The expected duration for each of our apprenticeships can be found on our course pages.

The wage you pay an apprentice must be at or above apprenticeship national minimum wage (see below). However it is good practice to pay a competitive wage for the job they are doing, in the same way you would for any other employee.

The national minimum wage for apprentices who are either under 19 or are in the first year of their apprenticeship is £3.70 per hour with a minimum contract of 30 hours per week. For apprentices who are over 19 and past the first year of their apprenticeship the minimum wage is £5.90 per hour for 18 to 20-year-olds and £7.38 per hour for those aged 21 or over. Please see the government’s website for more information on the minimum wage for apprentices.

The duration of the apprenticeship will depend on the ability of the individual apprentice, the apprenticeship standard being followed and your business needs. 

The minimum duration of the apprenticeship is 12 months of training and in addition an End Point Assessment. Many apprenticeships will last longer but usually no more than five years if undertaking a degree or master's level apprenticeship.

During their apprenticeship, the apprentice will ideally be employed for at least 30 hours per week. If an apprentice is employed for less than this it is often still possible for them to undertake an apprenticeship but the length of the apprenticeship will usually be varied or extended to reflect this.

Employment terms and support

Apprentices must be employed and the conditions of apprentice employment include:

  • Apprentices must hold a full employment contract with you for the duration of the apprenticeship programme, including End Point Assessment.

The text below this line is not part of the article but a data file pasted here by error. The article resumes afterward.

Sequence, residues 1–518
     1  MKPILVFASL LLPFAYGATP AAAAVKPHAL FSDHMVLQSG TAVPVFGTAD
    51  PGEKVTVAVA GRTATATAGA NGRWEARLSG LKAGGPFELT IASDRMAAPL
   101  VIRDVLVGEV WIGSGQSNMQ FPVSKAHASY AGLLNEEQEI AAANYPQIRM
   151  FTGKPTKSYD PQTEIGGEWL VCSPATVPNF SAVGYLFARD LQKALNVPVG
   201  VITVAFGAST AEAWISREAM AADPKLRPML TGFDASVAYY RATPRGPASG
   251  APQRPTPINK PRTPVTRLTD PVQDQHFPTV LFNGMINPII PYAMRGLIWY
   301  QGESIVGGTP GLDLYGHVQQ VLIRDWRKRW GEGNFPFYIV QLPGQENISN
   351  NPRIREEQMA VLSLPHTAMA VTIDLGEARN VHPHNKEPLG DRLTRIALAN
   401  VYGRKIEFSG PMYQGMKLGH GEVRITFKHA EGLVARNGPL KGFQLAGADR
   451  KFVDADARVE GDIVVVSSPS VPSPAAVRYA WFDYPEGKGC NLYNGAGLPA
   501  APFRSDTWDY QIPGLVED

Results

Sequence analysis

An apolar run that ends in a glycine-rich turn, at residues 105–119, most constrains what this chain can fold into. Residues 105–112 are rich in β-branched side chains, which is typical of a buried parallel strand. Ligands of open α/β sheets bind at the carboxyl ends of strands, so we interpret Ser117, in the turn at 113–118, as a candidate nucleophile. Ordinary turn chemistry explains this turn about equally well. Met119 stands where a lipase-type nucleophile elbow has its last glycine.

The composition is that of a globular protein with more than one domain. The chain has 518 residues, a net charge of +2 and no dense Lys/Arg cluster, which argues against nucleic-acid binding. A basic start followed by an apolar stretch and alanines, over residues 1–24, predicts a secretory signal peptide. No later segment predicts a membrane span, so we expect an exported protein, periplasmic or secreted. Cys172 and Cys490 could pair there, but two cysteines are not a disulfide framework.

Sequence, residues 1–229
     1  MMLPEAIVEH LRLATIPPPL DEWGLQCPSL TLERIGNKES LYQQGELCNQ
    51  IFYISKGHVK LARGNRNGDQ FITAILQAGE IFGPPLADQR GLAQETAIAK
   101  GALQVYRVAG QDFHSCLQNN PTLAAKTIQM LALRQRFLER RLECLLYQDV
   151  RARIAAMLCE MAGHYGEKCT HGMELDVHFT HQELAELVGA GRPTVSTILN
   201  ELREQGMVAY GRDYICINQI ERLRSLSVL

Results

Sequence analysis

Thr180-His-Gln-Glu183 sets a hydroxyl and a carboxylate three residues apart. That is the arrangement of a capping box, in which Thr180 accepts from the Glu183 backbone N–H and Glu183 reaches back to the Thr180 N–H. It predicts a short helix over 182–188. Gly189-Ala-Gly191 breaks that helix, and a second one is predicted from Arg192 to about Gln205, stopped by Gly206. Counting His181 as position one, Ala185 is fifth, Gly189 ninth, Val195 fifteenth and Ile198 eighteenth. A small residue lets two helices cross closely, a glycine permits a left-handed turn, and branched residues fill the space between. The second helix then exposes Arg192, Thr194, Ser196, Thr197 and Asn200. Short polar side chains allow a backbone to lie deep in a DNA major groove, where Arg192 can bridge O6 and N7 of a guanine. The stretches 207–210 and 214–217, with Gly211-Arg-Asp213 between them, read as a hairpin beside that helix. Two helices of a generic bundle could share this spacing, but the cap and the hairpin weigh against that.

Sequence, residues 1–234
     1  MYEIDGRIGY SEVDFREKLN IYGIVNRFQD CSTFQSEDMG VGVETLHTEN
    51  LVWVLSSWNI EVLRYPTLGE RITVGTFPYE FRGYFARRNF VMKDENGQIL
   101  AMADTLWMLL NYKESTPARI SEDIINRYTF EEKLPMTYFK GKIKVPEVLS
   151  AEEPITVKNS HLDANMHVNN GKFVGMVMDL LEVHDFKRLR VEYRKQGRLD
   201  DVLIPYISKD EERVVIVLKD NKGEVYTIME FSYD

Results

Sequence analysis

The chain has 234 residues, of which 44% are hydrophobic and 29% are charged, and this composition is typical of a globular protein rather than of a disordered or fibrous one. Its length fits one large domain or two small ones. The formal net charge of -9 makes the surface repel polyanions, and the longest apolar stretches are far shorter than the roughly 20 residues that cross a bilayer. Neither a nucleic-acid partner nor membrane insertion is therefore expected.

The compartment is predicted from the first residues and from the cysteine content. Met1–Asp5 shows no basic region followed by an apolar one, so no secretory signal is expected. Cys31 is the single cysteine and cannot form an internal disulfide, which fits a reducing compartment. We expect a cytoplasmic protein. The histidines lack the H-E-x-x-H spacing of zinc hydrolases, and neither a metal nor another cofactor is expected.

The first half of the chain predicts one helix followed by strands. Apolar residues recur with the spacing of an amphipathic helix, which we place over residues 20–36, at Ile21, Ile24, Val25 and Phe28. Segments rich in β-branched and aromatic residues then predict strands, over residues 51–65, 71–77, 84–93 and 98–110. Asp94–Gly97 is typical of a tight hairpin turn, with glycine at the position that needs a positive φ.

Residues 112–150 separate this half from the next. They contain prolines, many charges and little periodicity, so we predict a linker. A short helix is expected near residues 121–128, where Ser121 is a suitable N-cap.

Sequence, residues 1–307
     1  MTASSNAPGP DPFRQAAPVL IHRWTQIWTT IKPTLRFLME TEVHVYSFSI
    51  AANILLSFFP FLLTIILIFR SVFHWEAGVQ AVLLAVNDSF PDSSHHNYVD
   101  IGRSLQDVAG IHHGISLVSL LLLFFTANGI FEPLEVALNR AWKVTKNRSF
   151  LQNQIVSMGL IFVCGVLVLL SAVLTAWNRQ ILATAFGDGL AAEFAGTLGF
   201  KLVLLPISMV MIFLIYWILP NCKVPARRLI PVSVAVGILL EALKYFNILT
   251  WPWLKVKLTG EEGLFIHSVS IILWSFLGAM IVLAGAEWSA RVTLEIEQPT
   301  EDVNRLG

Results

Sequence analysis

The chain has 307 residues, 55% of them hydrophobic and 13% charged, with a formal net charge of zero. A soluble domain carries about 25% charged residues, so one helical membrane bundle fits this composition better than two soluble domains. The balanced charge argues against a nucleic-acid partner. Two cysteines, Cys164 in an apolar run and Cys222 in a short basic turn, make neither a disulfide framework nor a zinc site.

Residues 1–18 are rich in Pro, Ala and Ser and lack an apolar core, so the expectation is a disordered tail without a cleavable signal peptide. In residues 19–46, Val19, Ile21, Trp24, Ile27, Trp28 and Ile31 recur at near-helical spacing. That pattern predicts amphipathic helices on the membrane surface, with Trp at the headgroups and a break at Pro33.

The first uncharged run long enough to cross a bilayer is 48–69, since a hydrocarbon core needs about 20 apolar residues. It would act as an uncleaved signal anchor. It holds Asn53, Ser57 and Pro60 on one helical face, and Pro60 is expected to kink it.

• Apprentices must be employed in a real job that gives them the opportunity to gain the knowledge and skills they need to pass their assessment.
  • Apprentices usually work full time for at least 30 paid hours a week and must work more than 16. When an apprentice works fewer than 30 hours per week, the length of their apprenticeship will be increased accordingly.
  • You must pay your apprentice for time spent training or studying for a relevant qualification, whether while at work or at university. Off-the-job training must amount to 20% of the apprentice’s contracted employment hours across the whole apprenticeship.
  • You must offer apprentices the same conditions as other employees working at similar grades or in similar roles. This includes holiday/sick pay and support offered (eg childcare vouchers). You cannot ask the apprentice to contribute towards the cost of their apprenticeship even if they leave before the end of their apprenticeship.

Further information about the role of the employer can be found in the government's guidance on employing an apprentice.

Employers also need to provide support to apprentices to achieve all their learning outcomes and particularly whilst in the workplace. In addition to support provided by their line manager, employers should allocate a workplace mentor to the apprentice who will support and guide them through their course. London Met tutors will build a good working relationship with the line manager and mentor to continually work together to ensure the apprentice successfully progresses through the course.

The health and safety of the apprentice in the workplace is the responsibility of the employer. London Metropolitan assumes this responsibility when the apprentice is at the University. If required for their role it is expected that the employer provides Personal Protective Equipment (PPE) for the apprentice in the workplace and, if needed, in the University.